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October 12, 2011

Ross Ohlendorf poster boy for what’s wrong with   Pittsburgh Pirates – Jim “O’Brien

 I actually felt some compassion for Ross Ohlendorf and that surprised me.  He looked so forlorn and lost as he sat on the bench after he was knocked out of his last two starts as a Pirates’ pitcher.

Ohlendorf looked like a man who was wondering whether he would be wearing a Pirates’ uniform next season.  He looked like a man who was wondering how everything was going wrong for him, and what was to become of him. 

         I don’t think Ohlendorf will be back with the Bucs.  I don’t think another pitcher with similarly awesome stuff, Paul Maholm, will be back either.  They can’t win, they’re high maintenance and they make more money than they’re worth.  Catcher Ryan Doumit may not be back, and shortstop Ronny Cedeno could be gone as well.  Pedro Alvarez must improve or be a bust.

         The Pirates made significant progress this past season, but they had a losing season for the 19th consecutive year – a record for all major sports – and they must make some changes if they are to become a legitimate contender for a championship in Major League Baseball.

         Ohlendorf is a 29-year-old righty with a hard-biting sinker and he can hit 97 miles per hour with a two-seam sinking fastball.

But he hasn’t stayed healthy and he hasn’t been able to win.

         During the last off-season he rejected the Pirates’ contract offer and took them to arbitration.  When he did this I offered the thought that the Pirates should have told him, “Sorry, but we’re not interested.  You should look elsewhere for future employment.  Good luck.”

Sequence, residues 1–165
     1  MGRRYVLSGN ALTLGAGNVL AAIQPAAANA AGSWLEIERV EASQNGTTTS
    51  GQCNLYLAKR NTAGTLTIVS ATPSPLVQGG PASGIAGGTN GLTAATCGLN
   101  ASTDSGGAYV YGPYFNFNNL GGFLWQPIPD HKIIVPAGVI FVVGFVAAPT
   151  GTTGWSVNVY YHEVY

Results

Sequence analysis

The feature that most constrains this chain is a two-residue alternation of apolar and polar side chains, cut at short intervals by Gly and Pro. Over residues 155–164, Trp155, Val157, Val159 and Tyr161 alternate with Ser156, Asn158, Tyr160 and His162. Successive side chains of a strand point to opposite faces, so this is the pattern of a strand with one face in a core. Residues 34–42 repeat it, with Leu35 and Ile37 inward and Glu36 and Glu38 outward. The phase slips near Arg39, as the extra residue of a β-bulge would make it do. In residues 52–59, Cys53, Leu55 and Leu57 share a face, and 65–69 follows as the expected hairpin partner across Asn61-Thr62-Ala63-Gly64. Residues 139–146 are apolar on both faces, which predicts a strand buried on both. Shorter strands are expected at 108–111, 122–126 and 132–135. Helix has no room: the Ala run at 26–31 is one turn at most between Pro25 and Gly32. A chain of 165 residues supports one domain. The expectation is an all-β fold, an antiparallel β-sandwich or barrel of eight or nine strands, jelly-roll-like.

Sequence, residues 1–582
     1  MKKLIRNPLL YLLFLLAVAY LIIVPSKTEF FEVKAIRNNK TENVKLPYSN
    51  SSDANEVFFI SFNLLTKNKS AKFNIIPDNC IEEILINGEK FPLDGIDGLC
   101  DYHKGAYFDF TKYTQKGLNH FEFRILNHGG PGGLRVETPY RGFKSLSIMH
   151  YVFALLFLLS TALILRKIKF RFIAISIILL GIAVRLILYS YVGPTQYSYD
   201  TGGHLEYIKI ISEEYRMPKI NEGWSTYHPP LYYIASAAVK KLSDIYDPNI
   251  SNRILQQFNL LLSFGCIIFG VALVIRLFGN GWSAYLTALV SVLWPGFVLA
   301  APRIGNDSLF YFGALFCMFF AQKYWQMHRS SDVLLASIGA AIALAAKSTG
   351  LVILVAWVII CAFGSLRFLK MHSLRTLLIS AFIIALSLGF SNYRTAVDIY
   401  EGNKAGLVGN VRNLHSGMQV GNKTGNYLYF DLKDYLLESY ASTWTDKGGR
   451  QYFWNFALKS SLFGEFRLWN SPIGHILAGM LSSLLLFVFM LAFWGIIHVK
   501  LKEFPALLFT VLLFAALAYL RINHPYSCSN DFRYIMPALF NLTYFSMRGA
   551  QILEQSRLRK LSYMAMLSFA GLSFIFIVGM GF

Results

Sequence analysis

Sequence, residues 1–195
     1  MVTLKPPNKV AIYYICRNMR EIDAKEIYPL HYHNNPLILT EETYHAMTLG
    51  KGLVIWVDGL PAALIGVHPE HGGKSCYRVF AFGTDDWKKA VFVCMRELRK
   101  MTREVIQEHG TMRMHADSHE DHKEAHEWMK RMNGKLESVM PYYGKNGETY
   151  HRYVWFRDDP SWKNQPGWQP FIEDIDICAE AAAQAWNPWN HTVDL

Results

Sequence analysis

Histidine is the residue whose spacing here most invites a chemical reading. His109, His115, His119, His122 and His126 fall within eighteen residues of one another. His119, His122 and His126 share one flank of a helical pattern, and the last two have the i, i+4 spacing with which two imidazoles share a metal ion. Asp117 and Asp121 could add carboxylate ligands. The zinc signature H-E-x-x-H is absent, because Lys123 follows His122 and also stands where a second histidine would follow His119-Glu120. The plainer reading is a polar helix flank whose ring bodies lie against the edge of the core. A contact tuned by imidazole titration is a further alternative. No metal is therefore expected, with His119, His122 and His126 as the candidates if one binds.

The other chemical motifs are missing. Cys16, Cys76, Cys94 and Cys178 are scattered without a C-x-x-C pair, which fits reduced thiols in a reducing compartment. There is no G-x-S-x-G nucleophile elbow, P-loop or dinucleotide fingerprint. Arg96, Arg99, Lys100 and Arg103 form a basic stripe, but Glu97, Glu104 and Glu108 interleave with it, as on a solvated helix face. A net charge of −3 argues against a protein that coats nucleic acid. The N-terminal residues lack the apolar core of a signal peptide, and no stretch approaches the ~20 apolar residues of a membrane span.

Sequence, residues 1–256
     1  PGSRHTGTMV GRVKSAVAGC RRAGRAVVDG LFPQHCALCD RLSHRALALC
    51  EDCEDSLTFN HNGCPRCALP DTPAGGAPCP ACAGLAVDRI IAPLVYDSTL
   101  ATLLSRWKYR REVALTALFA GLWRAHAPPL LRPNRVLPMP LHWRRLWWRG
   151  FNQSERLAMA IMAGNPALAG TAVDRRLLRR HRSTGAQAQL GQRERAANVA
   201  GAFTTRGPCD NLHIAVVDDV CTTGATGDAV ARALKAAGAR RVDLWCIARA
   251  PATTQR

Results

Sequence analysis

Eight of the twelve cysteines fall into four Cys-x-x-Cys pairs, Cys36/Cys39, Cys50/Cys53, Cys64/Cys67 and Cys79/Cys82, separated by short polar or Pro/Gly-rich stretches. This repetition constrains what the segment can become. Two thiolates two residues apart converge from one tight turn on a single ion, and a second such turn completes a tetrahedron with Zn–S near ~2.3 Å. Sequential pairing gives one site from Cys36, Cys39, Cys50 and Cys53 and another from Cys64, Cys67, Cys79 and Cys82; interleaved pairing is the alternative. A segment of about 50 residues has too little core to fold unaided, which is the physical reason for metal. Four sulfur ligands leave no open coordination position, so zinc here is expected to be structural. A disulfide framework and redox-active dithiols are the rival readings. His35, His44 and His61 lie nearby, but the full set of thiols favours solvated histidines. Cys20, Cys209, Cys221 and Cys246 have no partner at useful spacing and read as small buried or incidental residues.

But Ohlendorf knew what he was doing.  He was a Princeton grad, an all-Ivy standout, and he’d written a 140-page paper atPrincetonabout the financial aspects of the draft in Major League Baseball.  He majored in Operations Research and Financial Engineering atPrinceton.

         Now this was a guy who had posted a record of 1-and-11 and an earned run average of 4.07 in his previous season as a pitcher for the Pirates. He won his arbitration hearing and a $439,000 raise to $2,025,000 for the 2011 campaign.

         How’d he do that?  In truth, though, the Pirates aren’t the only team that operates this way.

         Ohlendorf is making almost as much as another overpaid pitcher, Todd Graham, the first-year head coach and pitchman for Pitt’s “high octane offense” this season.  Graham is getting $2.25 million.  Hopefully, the fine win againstSouth Floridais a preview of what’s to come for the Panthers.

         This year Ohlendorf missed most of the season with arm ailments and didn’t join the team until the final six weeks of the season.  He posted a 1-3 record with an 8.15 ERA.  So he’s been paid more than $3.5 million for two pitching victories over the last two seasons.

         His one victory last month came against the Dodgers, but he followed it up with two disastrous and short-lived appearances in the stretch run.  I witnessed both games on television.  It was hard to watch.

         He was shelled for seven runs in two plus innings in an 8-5 loss to the Arizona Diamondbacks, the team that drafted him out ofPrinceton.  The D’Backs managed to pull off two double steals on Ohlendorf, a club record.  I’d never seen that happen in my lifetime.

         In his last outing, against the Brewers inMilwaukee, he gave up a monster home run to Prince Fielder and then an even longer one to Rickie Weeks, the next batter.  The Bucs managed to tie the game at 2-2 and Ohlendorf singled in a go-ahead run, but he couldn’t hold the 3-2 lead.

         Afterward, Ohlendorf said, “I wish I could have held the lead but that was a lot of fun.”

         Did he really think so?  That was a lot of fun…

         But Ohlendorf talks like that.  At spring training, he was brought along carefully because of arm problems.  After he pitched an extended inning (four outs) in spring training, he declared himself fit for the coming season.